This really has to do with the issues of class structure in Britain. In earlier centuries, there was presumed to be a fixed social hierarchy with the monarch at the summit, followed by the nobility, then the gentry, and finally commoners. Wealth was expected in most cases to follow this social hierarchy, with those on top being wealthier than those on bottom. Rich merchants or craftspeople could gradually become assimilated into the gentry by means of marriage. An alternative but quite rare way mode of moving up in class for the exceptionally talented was through education, followed by a well-regarded career (usually in the Church). As these modes of class mobility were gradual and relatively limited before the Industrial Revolution, families which rose in class had time to assimilate themselves to the manners and beliefs of upper-class culture.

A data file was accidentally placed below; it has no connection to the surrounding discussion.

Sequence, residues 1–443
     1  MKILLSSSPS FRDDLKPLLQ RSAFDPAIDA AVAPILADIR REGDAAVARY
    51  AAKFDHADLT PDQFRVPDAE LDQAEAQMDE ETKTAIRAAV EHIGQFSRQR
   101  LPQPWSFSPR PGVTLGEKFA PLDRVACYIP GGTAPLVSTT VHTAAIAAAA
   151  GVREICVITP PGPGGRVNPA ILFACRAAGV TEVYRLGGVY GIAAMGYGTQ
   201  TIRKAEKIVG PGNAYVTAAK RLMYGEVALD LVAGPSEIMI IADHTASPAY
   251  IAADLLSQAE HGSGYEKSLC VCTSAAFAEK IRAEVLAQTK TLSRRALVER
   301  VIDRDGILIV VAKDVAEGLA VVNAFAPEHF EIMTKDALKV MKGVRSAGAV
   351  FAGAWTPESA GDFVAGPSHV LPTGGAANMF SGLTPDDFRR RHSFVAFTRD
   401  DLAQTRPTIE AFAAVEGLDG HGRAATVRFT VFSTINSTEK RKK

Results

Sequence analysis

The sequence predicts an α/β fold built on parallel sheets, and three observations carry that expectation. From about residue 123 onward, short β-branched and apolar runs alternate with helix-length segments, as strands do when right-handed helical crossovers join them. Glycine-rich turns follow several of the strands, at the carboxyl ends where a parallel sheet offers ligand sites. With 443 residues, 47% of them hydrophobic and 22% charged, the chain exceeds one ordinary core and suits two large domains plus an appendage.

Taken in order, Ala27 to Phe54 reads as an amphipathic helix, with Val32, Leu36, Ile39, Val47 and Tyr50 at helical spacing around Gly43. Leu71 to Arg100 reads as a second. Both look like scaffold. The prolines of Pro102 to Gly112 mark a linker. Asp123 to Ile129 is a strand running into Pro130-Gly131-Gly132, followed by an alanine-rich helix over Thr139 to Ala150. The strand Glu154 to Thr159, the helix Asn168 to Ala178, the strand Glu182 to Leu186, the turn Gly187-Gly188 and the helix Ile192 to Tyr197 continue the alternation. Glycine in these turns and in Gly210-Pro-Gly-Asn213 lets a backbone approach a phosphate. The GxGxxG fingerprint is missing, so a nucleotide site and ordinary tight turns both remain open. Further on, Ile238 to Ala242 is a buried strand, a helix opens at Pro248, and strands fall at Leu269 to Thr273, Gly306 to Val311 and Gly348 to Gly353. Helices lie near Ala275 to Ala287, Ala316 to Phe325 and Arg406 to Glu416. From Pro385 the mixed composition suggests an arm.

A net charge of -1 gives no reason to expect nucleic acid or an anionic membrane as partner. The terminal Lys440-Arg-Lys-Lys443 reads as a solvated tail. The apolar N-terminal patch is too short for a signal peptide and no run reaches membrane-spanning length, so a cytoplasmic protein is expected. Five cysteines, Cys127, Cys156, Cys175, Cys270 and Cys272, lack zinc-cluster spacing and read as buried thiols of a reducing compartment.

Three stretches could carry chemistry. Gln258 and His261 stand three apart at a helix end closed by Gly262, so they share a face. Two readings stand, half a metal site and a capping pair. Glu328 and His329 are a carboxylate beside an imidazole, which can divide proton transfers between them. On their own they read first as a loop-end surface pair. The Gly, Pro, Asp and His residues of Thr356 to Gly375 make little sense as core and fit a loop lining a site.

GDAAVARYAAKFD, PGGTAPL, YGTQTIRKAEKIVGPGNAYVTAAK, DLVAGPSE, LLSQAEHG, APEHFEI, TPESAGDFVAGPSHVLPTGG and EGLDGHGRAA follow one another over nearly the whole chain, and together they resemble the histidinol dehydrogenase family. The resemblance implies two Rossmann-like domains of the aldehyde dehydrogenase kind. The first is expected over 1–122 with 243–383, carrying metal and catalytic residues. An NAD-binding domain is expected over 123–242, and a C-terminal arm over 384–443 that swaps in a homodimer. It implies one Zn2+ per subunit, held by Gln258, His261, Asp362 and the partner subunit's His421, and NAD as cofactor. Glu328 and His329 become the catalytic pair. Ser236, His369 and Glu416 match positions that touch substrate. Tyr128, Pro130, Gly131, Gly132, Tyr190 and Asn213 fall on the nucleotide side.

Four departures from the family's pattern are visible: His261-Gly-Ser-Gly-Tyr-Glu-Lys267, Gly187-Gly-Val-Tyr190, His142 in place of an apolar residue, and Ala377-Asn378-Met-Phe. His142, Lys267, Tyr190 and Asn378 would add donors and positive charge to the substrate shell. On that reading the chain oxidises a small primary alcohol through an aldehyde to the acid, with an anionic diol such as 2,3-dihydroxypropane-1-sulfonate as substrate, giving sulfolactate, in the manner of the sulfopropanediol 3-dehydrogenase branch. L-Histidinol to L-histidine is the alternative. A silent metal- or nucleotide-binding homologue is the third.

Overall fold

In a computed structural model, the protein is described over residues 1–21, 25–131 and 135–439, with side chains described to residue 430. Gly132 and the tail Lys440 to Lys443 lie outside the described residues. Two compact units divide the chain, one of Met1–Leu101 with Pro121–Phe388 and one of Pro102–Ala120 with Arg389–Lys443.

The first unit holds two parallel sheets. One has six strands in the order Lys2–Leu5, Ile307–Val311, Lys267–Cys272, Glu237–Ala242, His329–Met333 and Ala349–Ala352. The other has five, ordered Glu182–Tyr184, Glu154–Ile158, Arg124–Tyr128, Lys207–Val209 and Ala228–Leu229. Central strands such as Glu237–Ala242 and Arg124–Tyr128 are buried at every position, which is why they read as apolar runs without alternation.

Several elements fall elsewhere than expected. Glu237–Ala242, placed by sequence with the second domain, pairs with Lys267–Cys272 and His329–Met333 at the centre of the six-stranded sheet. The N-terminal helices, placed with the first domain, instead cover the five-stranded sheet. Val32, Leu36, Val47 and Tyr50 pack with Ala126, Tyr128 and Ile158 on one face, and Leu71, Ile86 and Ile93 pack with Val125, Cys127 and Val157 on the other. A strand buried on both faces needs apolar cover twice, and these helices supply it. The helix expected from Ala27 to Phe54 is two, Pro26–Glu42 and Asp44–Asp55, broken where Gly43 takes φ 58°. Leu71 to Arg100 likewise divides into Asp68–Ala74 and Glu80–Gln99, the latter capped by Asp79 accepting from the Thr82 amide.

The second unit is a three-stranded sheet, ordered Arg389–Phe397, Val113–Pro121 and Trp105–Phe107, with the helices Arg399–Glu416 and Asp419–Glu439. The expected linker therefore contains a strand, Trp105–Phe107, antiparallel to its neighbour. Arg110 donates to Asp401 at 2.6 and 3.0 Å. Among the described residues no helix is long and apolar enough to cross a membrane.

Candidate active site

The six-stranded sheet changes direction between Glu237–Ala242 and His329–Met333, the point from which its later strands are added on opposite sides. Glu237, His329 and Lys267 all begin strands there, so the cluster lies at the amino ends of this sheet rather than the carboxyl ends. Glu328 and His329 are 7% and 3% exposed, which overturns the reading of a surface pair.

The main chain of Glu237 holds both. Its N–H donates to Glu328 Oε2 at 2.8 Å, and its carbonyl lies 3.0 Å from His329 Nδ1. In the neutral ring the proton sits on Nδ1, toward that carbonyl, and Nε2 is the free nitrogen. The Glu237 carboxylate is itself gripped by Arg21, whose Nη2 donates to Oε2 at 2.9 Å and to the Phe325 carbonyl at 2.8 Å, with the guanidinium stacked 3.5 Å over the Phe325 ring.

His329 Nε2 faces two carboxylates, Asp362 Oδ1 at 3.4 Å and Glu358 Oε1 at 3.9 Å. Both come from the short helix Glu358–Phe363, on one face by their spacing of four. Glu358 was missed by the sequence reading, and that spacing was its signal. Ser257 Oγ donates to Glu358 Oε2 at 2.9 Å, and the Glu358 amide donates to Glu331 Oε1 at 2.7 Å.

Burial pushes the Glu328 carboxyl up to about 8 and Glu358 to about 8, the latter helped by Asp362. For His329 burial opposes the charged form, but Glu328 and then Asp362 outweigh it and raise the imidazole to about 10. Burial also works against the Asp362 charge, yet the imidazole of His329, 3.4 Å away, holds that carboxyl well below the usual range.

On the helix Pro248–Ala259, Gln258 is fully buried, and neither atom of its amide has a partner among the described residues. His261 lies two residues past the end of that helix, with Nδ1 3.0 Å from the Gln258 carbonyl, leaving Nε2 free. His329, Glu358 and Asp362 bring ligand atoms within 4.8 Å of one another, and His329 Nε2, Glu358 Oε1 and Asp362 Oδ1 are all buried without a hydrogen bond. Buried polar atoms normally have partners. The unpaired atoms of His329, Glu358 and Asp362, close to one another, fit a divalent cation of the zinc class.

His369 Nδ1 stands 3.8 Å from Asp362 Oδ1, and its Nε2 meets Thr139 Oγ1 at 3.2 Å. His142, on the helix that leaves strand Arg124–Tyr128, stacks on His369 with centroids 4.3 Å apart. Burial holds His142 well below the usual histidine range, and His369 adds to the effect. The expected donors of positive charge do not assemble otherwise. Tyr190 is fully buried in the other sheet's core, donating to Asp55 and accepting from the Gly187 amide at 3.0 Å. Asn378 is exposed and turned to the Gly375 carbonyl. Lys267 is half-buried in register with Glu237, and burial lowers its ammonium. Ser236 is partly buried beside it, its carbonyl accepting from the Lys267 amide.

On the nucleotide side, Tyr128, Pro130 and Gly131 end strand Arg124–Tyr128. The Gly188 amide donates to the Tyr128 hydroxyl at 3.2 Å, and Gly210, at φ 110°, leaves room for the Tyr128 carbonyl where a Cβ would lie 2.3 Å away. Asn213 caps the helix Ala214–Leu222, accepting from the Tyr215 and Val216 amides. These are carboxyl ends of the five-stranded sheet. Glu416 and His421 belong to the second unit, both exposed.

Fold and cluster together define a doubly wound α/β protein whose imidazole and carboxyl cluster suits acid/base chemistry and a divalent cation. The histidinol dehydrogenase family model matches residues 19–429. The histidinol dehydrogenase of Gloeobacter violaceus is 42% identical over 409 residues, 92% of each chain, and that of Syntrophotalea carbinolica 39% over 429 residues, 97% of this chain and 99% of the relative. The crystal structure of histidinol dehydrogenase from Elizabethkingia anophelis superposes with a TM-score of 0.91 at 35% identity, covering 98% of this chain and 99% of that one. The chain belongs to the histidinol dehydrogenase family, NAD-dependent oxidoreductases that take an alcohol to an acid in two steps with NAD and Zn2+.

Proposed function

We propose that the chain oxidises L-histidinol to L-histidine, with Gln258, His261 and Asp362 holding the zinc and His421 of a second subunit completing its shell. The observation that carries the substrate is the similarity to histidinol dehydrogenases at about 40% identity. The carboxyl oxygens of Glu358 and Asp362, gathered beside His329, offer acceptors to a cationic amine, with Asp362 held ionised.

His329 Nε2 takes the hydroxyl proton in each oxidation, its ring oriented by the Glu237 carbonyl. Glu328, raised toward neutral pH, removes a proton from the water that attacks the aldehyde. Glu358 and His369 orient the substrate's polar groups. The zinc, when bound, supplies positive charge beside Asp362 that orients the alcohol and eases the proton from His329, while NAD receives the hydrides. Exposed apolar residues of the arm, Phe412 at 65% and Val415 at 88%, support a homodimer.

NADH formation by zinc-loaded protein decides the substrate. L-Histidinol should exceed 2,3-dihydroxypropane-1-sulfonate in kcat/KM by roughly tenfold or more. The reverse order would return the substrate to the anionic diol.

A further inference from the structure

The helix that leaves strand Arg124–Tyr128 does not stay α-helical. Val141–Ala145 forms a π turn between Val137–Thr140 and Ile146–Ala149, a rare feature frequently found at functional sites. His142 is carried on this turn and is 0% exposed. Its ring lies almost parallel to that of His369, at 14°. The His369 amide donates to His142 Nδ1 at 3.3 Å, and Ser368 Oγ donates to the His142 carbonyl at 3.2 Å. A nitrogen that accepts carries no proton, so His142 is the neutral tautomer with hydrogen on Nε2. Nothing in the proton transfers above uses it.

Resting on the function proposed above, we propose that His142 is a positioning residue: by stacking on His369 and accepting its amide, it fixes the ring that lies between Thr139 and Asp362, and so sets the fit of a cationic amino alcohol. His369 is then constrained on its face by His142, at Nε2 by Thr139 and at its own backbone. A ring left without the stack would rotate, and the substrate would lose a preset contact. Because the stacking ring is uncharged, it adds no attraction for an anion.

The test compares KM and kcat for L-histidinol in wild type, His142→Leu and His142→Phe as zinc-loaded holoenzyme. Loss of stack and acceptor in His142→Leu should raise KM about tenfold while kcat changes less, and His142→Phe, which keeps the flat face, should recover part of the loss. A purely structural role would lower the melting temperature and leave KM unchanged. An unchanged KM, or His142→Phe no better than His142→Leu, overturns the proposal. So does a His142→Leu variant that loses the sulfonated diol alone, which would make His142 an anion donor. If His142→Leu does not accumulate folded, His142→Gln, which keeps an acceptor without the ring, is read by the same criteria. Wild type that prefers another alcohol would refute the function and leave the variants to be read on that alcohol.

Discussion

With increased opportunities for great wealth to be obtained in the colonies and in manufacturing in the late eighteenth and nineteenth centuries came a decoupling of the relationships among birth, manners, and money. Magwitch is an example of one of the new rich; Mrs. Pocket and Miss Havisham, of an older social tradition of gentility. Pip is caught between these worlds and value systems.